Last fall I attended a clinic hosted by several PSIA examiners where we were videoed every day. A professional boot fitter was also in attendance.
After watching me ski and reviewing the video it was determined that although I stand bow legged I ski knock kneed! No-one had ever told me that before. The cause is my tibia is curved. This is apparently not that uncommon of a condition. One of the test was to glide on one ski on a gentile slope and look for a drift left or right but it was the video that confirmed the condition. The cure was cants, 1.5* on the left 1.0* on the right. The fitter used shims like the SVST shown above.
My boots had originally been fitted by a professional boot fitter who made custom insoles and I was also biostanced. These are all static procedures. It took the dynamic condition of skiing with a high level instructor and reviewing video with a boot fitter to devise a cure. I think it has help greatly.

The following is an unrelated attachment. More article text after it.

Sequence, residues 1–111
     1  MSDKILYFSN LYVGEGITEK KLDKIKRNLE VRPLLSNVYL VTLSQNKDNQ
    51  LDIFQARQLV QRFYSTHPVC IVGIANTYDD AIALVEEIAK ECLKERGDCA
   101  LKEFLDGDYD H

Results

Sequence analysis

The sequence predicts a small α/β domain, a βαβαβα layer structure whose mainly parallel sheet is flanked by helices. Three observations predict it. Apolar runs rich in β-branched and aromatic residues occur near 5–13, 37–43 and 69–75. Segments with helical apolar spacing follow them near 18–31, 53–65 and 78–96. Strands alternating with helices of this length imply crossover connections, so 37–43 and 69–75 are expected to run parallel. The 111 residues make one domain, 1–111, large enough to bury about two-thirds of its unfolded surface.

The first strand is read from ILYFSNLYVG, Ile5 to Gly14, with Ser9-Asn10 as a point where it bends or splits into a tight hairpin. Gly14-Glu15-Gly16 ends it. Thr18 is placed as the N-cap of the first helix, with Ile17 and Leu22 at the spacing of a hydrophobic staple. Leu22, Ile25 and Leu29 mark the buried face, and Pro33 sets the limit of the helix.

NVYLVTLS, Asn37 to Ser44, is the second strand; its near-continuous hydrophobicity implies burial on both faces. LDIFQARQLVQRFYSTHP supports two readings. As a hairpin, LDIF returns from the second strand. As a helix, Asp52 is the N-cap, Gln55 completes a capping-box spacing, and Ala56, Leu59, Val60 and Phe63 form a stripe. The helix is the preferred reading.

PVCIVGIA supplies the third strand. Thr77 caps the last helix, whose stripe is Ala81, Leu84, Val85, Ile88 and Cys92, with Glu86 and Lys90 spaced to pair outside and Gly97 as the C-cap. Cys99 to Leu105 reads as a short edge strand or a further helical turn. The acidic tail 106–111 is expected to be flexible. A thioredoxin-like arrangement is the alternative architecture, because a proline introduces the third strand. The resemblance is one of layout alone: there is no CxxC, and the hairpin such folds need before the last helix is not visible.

One test you can do yourself is to glide down the fall line on a very gentile slope on one ski. If you drift to one side or the other you are pressuring that edge. You can then put 1/2" wide strips of duct tape on the boot sole typically the heel only like shown in your Stenmark example. A three layer strip of duct tape is about 1/2*, I wouldn't go more than 9 layers thick. You may have to try the canting on both the inside and outside of the heel to determine which provides a reduction in edge. For me, I was heavy on the inside edge, I would drift left while gliding on the right ski. But since I was skiing knock kneed the cant was applied to the inside edge of the boot to push my leg to the outside. If you are truly bow legged you should drift right when gliding on the right ski, heavy on the outside edge. Try the tape on the outside edge first. If your able to determine an improvement take that information to your boot fitter. It would also be good to have video of you making medium radius turns on a moderate groomed slope to give the fitter a good example of your dynamic stance.
I could also be very helpful to book an hour with a Level 3 instructor and get some input before visiting the boot fitter.